Whether it's gossiping over a drink, teaching our children, or politicians debating we use words to communicate with each other and share ideas. It’s what makes us human. But what if we can’t? Could it be possible to broadcast our thoughts directly f...Show More
Custom of Cutting

31:40 | Nov 21st, 2016

More than 200 million women and girls alive today have undergone female genital mutilation, or cutting. It is where parts or all of a girl's genitals are damaged or removed. There are no medical benefits to FGM, and people who undergo the practice ca...Show More
The Inflamed Mind

26:58 | Nov 14th, 2016

Depression or psychotic illness is experienced by hundreds of thousands, perhaps millions, of people in the UK. James Gallagher talks to the psychiatrists investigating this new understanding of mental illness and to people who may benefit from treat...Show More
The City that Fell into the Earth

26:28 | Nov 7th, 2016

How do you move a city? Lesley Riddoch travels to Arctic Sweden to find out. Kiruna is gradually sliding into Europe's biggest iron ore mine. The city has to be rebuilt two miles away. That requires an extraordinary blend of planning, architecture, ...Show More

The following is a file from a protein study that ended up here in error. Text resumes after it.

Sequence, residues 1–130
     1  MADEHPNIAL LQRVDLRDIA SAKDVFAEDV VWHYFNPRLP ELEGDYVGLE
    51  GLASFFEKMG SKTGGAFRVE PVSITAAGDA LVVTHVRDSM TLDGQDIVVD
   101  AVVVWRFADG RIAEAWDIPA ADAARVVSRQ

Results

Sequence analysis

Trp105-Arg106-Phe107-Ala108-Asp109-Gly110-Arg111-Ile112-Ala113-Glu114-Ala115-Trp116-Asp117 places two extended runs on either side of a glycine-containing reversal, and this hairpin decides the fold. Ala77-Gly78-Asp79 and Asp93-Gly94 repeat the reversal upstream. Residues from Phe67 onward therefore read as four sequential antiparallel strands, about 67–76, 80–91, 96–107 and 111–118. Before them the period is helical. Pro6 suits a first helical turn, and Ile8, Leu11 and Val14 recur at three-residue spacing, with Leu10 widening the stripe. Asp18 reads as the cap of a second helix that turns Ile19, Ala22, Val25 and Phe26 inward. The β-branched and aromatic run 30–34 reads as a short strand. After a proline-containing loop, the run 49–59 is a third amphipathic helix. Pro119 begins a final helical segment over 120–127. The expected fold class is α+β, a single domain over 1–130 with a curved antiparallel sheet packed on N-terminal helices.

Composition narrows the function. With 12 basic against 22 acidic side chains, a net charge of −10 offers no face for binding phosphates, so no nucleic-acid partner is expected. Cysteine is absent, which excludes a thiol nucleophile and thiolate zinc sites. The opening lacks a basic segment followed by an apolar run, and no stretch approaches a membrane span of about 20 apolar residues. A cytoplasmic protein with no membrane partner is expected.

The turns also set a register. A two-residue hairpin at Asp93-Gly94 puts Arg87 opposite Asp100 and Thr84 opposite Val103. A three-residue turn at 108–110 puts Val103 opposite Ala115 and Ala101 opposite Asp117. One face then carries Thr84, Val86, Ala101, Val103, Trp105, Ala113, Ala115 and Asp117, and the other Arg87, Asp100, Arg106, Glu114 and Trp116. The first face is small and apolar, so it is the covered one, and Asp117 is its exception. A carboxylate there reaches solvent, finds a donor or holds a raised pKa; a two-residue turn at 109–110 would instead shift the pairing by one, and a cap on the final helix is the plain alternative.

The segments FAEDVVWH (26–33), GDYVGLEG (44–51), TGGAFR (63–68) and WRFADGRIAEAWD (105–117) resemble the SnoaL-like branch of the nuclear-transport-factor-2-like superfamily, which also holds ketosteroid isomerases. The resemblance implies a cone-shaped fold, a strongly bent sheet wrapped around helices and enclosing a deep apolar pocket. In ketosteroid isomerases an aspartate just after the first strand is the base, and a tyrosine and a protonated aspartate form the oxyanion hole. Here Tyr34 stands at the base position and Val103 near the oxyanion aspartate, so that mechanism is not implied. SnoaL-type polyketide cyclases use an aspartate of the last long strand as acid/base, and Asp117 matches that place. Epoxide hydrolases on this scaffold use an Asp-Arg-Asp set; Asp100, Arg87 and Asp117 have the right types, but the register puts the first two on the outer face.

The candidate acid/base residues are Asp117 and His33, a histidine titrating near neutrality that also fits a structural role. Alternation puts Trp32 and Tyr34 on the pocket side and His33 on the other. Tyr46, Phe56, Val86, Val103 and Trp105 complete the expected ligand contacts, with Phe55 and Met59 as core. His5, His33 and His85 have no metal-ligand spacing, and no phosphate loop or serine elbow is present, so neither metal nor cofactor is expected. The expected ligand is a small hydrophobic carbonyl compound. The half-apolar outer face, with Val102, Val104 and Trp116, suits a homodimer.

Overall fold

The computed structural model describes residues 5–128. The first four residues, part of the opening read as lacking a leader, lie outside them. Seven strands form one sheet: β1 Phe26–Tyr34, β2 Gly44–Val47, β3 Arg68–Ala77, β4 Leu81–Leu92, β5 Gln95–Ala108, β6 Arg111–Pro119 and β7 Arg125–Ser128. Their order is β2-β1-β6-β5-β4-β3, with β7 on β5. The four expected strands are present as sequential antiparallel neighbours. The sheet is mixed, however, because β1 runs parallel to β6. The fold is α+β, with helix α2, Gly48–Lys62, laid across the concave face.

The Sun King of China

26:28 | Oct 31st, 2016

Meet Huang Ming, the Chinese inventor who describes himself as, 'the number one crazy solar guy in the world'. One of the prize exhibits of his museum in northern China is a vintage solar panel. It is a water heater, installed by President Jimmy Cart...Show More
The Mars of the Mid-Atlantic

26:28 | Oct 24th, 2016

Ascension Island is a tiny scrap of British territory, marooned in the tropical mid-Atlantic roughly halfway between Brazil and Africa. It is the tip of a giant undersea volcano – rugged, remote and, up until around 150 years ago, almost completely d...Show More
Creating the Crick

26:59 | Oct 17th, 2016

The Francis Crick Institute, in the centre of London, is the UK’s brand new, game-changing centre for biology and medical research. Roland Pease joins the scientists as they move into the building. Sir Paul Nurse, Nobel Laureate, one of the UK’s top ...Show More
Black Holes: A Tale of Cosmic Death and Rebirth

26:59 | Oct 10th, 2016

The discovery of gravitational waves by the LIGO observatory opens up a new form of astronomy, which will allow scientists explore the ultimate fate of dead stars, Black Holes. Roland Pease reports. (Photo: Gravitational waves © Nasa)
The Whale Menopause

26:58 | Oct 3rd, 2016

Killer whales and humans are almost unique in the animal kingdom. The females of both species go through the menopause in their 40s or 50s, and then live for decades without producing any more offspring themselves. It is an extremely rare phenomenon....Show More
Reversing Parkinson's

26:59 | Sep 26th, 2016

Parkinson’s Disease is one of the major neurodegenerative conditions. Cells die, for reasons not fully understood, causing a reduction in the production of the neurotransmitter, dopamine, and a raft of physical and behavioural problems. Although effe...Show More
Space - The Curious Cases of Rutherford & Fry